Former PM seeks justice as she appears before NLA

Posted by pakin On January - 9 - 2015 ADD COMMENTS

Former prime minister Yingluck Shinawatra on Friday said she has already been “impeached” three times.

The ousted former premier made the comment as she faced the National Legislative Assembly (NLA) during her impeachment proceedings in the case hearing filed by the National Anti-Corruption Commission. She is accused of dereliction of duty in the rice-pledging scheme that led to corruption and billions of baht in losses.

“I come here today to seek justice,” she said.

She added that she no longer holds any positions of which she can be stripped.

“The impeachment [against me] will not only affect me but also dim farmers’ hopes,” she told the NLA during the impeachment proceedings that could see her banned from politics for five years.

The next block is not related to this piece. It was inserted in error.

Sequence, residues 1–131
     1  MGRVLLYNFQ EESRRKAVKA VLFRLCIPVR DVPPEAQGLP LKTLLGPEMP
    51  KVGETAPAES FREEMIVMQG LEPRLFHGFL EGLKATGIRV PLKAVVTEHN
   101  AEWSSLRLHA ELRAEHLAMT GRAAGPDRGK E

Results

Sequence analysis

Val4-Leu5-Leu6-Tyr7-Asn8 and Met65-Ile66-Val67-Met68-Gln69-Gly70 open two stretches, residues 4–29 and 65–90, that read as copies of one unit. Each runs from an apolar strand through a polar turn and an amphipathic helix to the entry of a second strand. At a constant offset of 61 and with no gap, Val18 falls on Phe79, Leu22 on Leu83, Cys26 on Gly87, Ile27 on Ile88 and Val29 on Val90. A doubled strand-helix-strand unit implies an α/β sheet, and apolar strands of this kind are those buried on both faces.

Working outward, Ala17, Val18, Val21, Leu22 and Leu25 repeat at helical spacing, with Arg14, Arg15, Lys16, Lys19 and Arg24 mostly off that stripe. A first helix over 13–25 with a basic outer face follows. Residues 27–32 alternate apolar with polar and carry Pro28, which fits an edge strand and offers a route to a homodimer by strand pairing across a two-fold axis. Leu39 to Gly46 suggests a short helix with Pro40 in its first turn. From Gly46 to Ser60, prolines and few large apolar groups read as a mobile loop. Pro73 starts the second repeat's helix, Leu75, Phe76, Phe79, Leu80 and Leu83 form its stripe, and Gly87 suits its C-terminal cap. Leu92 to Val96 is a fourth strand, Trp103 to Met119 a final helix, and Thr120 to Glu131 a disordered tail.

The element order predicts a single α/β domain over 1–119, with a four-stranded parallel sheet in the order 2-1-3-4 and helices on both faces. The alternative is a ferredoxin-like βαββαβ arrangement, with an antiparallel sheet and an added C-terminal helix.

NLA defers debate over Yingluck impeachment

Posted by pakin On November - 12 - 2014 ADD COMMENTS

Ruangkrai seeks halt to move against ex-PM

The National Legislative Assembly’s whips have deferred consideration of the proposed impeachment of former prime minister Yingluck Shinawatra in connection with the controversial rice pledging scheme to Nov 28.

The postponement came after Ms Yingluck’s lawyer requested the deliberation be put off for 30 days to allow more time for her to study the impeachment case files more thoroughly, NLA whip spokesman Jet Siratharanon said after a meeting.

The whips were informed in a report that written notification about the impeachment deliberation reached Ms Yingluck last Friday and she is entitled to 15 more days to study the document, said Dr Jet.